California Agriculture, January 1980
Volume 34, Number 1
peer-reviewed research articles
Of men and machines: Technological change and people in agriculture Part 1: Changes in farm enterprises and farm families
by Ann Foley Scheuring
Culled from 600 pages of oral history are some recollections of northern California farm families about how technology has changed farming-and its landscape. Farming was hard work in the old days, but it had its rewards. Farming is still hard work today, but there are fewer hands needed to do it.
Sprinkler irrigation raises yields— and costs—of Imperial Valley alfalfa
by Robert W. Hagemann , Carl F. Ehlig
Alfalfa growers in the Imperial Valley have a choice between using sideroll-sprinkler and border-flood irrigation. Tests to determine which is the most feasible showed that border-flood irrigation is cheaper, but yields are higher when sprinklers are used.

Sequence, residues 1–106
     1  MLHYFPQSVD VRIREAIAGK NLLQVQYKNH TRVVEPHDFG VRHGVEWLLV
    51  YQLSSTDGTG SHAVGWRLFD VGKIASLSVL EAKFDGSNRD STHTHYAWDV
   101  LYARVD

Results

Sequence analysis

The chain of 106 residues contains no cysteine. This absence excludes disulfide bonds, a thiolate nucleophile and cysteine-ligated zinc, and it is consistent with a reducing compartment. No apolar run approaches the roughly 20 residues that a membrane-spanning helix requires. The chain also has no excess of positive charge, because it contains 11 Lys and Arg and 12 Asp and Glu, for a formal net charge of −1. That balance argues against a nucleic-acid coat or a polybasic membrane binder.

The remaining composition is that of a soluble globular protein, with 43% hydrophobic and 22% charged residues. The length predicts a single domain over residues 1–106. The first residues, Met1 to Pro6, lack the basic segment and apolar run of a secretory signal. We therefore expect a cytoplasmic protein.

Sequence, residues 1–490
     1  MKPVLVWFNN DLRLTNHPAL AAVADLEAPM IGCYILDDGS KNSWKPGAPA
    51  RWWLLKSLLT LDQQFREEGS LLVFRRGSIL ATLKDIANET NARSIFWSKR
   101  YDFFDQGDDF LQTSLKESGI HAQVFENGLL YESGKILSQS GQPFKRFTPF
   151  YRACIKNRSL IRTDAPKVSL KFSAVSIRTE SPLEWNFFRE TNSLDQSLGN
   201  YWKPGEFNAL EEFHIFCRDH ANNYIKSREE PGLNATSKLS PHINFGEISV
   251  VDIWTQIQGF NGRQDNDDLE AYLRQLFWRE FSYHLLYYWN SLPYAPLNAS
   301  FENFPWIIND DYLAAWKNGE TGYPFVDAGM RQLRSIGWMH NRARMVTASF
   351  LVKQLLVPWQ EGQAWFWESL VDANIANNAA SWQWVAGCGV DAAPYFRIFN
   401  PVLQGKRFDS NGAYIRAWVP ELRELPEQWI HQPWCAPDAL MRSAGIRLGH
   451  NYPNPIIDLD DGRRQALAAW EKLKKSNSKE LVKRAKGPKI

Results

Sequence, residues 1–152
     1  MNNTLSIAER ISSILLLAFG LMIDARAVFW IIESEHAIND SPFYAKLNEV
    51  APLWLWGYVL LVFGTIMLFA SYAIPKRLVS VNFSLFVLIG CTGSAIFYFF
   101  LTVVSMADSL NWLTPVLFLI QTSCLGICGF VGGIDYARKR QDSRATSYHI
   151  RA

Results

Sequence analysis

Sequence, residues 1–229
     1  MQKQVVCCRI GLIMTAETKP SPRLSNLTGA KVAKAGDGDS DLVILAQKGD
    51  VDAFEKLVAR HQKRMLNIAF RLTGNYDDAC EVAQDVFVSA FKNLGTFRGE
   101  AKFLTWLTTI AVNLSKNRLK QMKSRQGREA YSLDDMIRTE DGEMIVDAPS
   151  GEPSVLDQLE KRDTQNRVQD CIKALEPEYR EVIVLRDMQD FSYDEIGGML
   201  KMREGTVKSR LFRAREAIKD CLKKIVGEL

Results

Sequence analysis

Coming: More corporate farms in California
by Hoy F. Carman
Corporate farming, viewed by some as a threat to the family farm, is likely to increase in California, encouraged by 1979 tax rate changes which permit farmers to use tax savings from incorporation to finance expansion.
Selection improves Sevin resistance in spider mite predator
by Richard T. Roush , Marjorie A. Hoy
A genetic selection program to develop a carbaryl-resistant strain of Metaseiulus occidentalis, the predator of the spider mite, has been successful. This is believed to be the first time that a genetically improved biological control agent has been proved effective in the field.
editorial, news, letters & science briefs
An old but enduring argument
by J. B. Kendrick